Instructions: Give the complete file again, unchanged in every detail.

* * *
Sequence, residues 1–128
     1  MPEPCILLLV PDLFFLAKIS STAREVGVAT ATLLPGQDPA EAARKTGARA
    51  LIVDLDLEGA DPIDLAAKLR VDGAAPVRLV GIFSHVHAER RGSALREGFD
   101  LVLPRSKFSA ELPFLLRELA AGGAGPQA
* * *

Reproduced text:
Sequence, residues 1–128
     1  MPEPCILLLV PDLFFLAKIS STAREVGVAT ATLLPGQDPA EAARKTGARA
    51  LIVDLDLEGA DPIDLAAKLR VDGAAPVRLV GIFSHVHAER RGSALREGFD
   101  LVLPRSKFSA ELPFLLRELA AGGAGPQA